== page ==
My first week of professional elixir

Tagged: work elixir

Hi there! o/

I get to write Elixir at my new job! This is my first time writing it in a professional setting. I have written Clojure for work and while Clojure and Elixir share quite a few similarities, I am learning lots of new things. Most of my learnings are around Elixir idioms and growing my knowledge of the concepts that the syntax of the language wraps around.

In a sense, this post is sort of a follow up to my post on side projects vs work for learning . The previous post is pretty... vague and hand-wavey, but this one will be a bit more concrete on some of the things I've learned. Let's jump into it.


I ran into defbehavior pretty quickly. In the moment it was a bit confusing - and I was mixing it up with protocols. And I'm not the only one!

Nonetheless, it didn't take too long to get used to it. A behavior is just a contract that specified that modules that use a specific behavior (defined in another module) must behave a certain way (ie. they must have certain functions).

I've never come across this in another language. Pretty cool!

Reduce tricks

I learned a really neat trick that uses reduce to loop over a map and change the accumulator to construct an ecto query.

def list_thing(query, criteria) do
  Enum.reduce(criteria, query, fn
    {:key_1, val_1}, query ->
      do_query_thing_1(query, klv)

    {:key_2, val_2}, query ->
      do_query_thing_2(query, val_2)
  |> Repo.all

list_thing(MyStruct, %{key_1: :foo, key_2: bar})

The thing I hadn't really thought of doing was pattern matching inside the anonymous function. This way you can conditionally build up a value - the reduce it just going to return a query-ish value that Ecto later consumes with Repo.all.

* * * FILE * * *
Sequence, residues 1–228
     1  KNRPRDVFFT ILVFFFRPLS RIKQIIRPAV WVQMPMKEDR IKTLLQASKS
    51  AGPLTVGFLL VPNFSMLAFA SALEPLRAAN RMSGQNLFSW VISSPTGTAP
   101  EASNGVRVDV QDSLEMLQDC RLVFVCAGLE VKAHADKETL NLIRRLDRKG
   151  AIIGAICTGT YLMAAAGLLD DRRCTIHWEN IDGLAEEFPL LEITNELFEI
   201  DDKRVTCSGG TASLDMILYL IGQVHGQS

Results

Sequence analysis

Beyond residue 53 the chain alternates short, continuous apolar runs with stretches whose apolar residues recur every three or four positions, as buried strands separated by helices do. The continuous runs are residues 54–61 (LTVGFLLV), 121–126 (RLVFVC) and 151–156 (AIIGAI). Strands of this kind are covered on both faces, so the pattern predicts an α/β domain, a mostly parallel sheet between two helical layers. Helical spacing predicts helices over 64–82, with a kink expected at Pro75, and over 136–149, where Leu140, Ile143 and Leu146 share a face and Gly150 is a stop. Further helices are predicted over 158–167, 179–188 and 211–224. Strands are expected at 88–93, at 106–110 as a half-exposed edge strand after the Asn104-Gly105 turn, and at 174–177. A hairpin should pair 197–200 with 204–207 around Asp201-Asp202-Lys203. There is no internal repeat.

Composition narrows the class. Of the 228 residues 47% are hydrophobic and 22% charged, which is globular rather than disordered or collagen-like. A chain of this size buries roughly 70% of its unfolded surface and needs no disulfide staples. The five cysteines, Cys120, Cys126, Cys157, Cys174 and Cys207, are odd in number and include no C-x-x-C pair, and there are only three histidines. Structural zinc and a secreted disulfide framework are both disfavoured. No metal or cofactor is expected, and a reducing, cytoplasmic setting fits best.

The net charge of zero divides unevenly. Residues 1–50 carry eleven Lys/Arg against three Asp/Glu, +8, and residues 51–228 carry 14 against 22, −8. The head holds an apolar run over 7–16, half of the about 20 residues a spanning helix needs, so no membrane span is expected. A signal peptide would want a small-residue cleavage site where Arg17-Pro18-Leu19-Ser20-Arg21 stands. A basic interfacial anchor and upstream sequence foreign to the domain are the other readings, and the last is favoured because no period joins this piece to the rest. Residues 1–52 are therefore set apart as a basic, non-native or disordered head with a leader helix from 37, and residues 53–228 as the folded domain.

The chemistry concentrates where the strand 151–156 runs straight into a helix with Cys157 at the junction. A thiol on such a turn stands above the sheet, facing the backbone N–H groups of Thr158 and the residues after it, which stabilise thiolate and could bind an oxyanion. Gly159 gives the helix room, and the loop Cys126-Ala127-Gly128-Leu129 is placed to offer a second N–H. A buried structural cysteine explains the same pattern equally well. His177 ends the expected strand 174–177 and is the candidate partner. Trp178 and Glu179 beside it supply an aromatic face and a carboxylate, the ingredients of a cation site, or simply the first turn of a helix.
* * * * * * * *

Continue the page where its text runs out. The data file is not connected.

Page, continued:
Reduce is always a bit tricky for me to wrap my head around, so I'm looking forward to seeing it more often and getting more accustomed to it.

handle_info in LiveView

I'm already a fan of LiveView, but as I learn more about it I'm seeing that there's so much you can do with it! It really does eliminate a whole class of JS you'd have to write in an SPA. One thing I hadn't known about was the use of handle_info and the ability to send() messages to the LiveView itself. I haven't done this yet, so I might be getting this wrong. It happened to come up in a Reddit thread this week and so I asked about it and got a great overview. The idea that you can trigger a database query to run in the background and then automatically update the front end is just wild. I love it.

It really makes me want to understand what's happening behind the behind-the-scenes. I now know that LV uses Genserver, but how does Genserver even work? I want to dig down into the details of what Processes are on a fundamental level, and how they allow concurrent (or is it parallel? Always so easy to mix those two up) code to run on the BEAM scheduler. Maybe someday...

Reusable "front-end-components"

Since starting to use LiveView I've wondered how to best emulate front end reusable components a la React. It's quite simple to npm install antd and have a really powerful component library within your grasp.

In Elixir, the closest (but not in a bad way) is just use functions. One option is to define a module specifically for, say, styling your html elements. I use tailwind quite a bit, so that might look like this:

def btn() do
  "bg-green-500 hover:bg-green-600 text-white py-1 px-2 rounded self-start text-sm"


<button class="{btn()"}

And then just use these functions to render the class strings whenever you need it, as above.

On top of that, you could make your btn class more dynamic by allowing a set of options to be passed in which would defer to different private functions:

def btn(opts \\ []) do
  size = Keyword.get(opts, :size, "medium")
  kind = Keyword.get(opts, :kind, "primary")
  Enum.join([btn_base(), btn_size(size), btn_kind(kind)], " ")

defp btn_base() do
  "inline-flex rounded self-start"

defp btn_size("small") do
  "text-sm p-2"

defp btn_size("medium") do
  "text-md p-4"

defp btn_kind("primary") do
  "bg-green-500 hover:bg-green-700 text-white"

defp btn_kind("secondary") do
  # etc...

I really like this idea. At first it seems a bit bleh to fill functions with a bunch of strings, but this way you are getting way less code in your templates (or smaller css classes if you are using @apply with tailwind) - and on top of that, the use of Enum.join prevents any need to worry about missing an empty space in conditionals that render different classes.

I'm looking forward to picking up many more tricks to come. I feel that, like Clojure, Elixir has a lot of nifty things you can do with it. I have yet to write a macro, for example (or a protocol). I'll be sure to check in with future learnings.

Thanks for reading!